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University of Washington: Students Showcase Achievements Online

After 18 months of research and collaboration with student interest groups, career counselors, and academic leaders, the University of Washington (UW) launched the Catalyst Portfolio Tool—an electronic archive of work produced by students—in September 2002.

Web Publishing Made Easy
The Catalyst Portfolio Tool uses UW network and storage infrastructure and allows students to compile any electronic files of their work. Using nothing more than a Web browser, students can save and organize papers, pictures, audio clips or any other documents they produce. The beta release has a temporary storage quota of 10MB per student, but by the end of January, it will increase to 250MB to 500MB per student. Unless students exceed this quota, no limits will be placed on the size and type of the files. A system is also being built to allow students to store large streaming media files in another university archive without using their quota.

"They get to keep everything they've done on campus in an online environment where they can access it quickly. They can do all of this without knowing anything about Web publishing," explains Mark Farrelly, coordinator of the Portfolio Tool project at the UW office of Educational Partnerships & Learning Technologies. Templates and style sheets are provided to format and customize each portfolio, and students can re-organize and align their learning artifacts however they like, so that each portfolio they publish is unique.

If students need help, technical assistance is provided in a couple of different ways. Student helpdesk employees have been trained in each of the largest student computer labs on campus to provide face-to-face support. Materials, including online help and documentation (developed by four student employees and one editor) are also available. In addition, students can contact the developers of the Portfolio tool by e-mail or telephone (four software developers and one student helper are available for e-mail help).

Showing What You Know
Farrelly says the new portfolios are a reaction to the need to provide better ways to show achievement. Increasing competition in everything from top-paying jobs to entrance in exclusive schools is putting the emphasis on physical demonstrations of what you know. Grade-point averages and test scores, while still important, are being complemented by concepts like the final project and the work portfolio. "I think this is certainly a way for students to tell you, ‘These are my skills,' instead of the increasingly less-meaningful grades," Farrelly explains.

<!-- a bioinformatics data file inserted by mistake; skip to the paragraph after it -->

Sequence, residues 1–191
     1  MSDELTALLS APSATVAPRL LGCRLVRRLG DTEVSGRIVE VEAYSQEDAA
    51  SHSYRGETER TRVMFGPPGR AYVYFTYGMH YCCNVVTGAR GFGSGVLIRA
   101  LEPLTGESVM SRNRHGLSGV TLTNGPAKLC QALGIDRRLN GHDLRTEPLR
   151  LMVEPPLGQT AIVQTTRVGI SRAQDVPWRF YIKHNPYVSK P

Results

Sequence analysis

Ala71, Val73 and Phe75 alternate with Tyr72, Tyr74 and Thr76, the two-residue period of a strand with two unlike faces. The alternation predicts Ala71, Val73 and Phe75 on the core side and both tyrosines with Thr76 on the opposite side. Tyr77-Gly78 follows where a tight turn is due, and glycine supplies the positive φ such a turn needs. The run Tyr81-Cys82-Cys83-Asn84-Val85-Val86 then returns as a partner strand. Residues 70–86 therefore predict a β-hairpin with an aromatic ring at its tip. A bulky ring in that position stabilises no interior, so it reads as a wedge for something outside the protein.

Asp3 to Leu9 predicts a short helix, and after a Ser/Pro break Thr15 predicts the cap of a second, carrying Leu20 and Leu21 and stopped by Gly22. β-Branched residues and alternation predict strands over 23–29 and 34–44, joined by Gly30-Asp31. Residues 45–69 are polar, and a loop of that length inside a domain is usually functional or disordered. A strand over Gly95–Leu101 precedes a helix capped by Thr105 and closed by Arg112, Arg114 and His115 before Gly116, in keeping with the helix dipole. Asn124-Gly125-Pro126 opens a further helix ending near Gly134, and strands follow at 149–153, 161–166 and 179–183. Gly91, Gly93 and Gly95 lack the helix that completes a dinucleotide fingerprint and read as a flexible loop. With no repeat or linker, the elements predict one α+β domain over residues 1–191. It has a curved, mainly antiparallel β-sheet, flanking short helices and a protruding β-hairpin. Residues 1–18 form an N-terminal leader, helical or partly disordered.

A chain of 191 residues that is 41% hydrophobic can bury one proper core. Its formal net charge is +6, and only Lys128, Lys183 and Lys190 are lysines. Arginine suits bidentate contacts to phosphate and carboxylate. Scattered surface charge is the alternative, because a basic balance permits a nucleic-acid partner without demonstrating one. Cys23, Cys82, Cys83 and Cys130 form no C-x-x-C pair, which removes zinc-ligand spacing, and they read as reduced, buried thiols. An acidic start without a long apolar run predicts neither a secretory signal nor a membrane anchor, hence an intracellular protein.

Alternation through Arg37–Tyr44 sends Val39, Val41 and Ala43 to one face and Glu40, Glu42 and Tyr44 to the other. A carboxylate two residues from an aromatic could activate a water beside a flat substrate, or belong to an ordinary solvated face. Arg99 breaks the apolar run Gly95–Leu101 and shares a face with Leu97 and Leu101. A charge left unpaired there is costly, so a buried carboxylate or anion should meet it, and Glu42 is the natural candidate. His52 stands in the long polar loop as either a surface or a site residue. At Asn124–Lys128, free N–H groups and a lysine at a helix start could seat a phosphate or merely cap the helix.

Because the Catalyst Portfolio Tool is not tied to any particular program of study at the university, any instructor can use the tool to offer assignments designed to go into the portfolios, and to give students feedback online. Once compiled, students will be able to show off their portfolios to anyone in the world with a connection to the Internet. Each portfolio (there are no limitations to the number of portfolios a student wishes to publish) has a unique URL, and by the end of January a password-protection option will be added.

Enrolled students gain access to the Portfolio Tool with a system-wide login called a UWNetID, which provides access to other UW tools and services, such as e-mail and Web publishing. The IDs are active for six months after graduation. After that time, alumni can enroll in the program that allows them to keep all of their services, including the Portfolio, as long as they pay a nominal monthly fee. If students choose not to continue with their subscription to, they can use the Portfolio tool at any time to download all of their published portfolios and collections of learning artifacts.

Instant Results
The Catalyst Portfolio Tool is the latest Web-based tool from the Catalyst Initiative, an effort to improve teaching and learning at the UW through the use of technology. The Catalyst Initiative relies on in-house staff, student workers, and existing UW infrastructure to develop Web tools, without outside vendors or proprietary software. Developing the Portfolio in-house permitted focus groups—made up of students, faculty, and administrators—to provide immediate feedback so that their needs would be met, allowing for instant implementation on campus.

One example of instant implementation of the Portfolio Tool is the Freshman Interest Group (FIG) program. FIGs are clusters of 20 to 25 freshman who enroll in the same classes and attend a general orientation class once a week, to help them negotiate life on campus of the UW. As part of the FIG program, the online system is providing more than 80 percent of the freshman class with the ability to reflect on their education and progress through their university experience. Currently, there are 3,200 FIG students using the Portfolio Tool to reflect on seven topic areas: transitioning from high school, embracing diversity, academic planning, working with faculty, social issues, an intellectual excursion, and an arts excursion.

"This will be a nice tool for students to think about their learning, their career path, and to get a better sense of what they did at the University of Washington," notes Farrelly.

For more information on Catalyst, visit or contact Mark Farrelly at [email protected] or Tom Lewis at [email protected]. Farrelly is the outreach coordinator and Lewis is the director of the Ed-Tech Development Group for the Office of Educational Partnerships & Learning Technologies.

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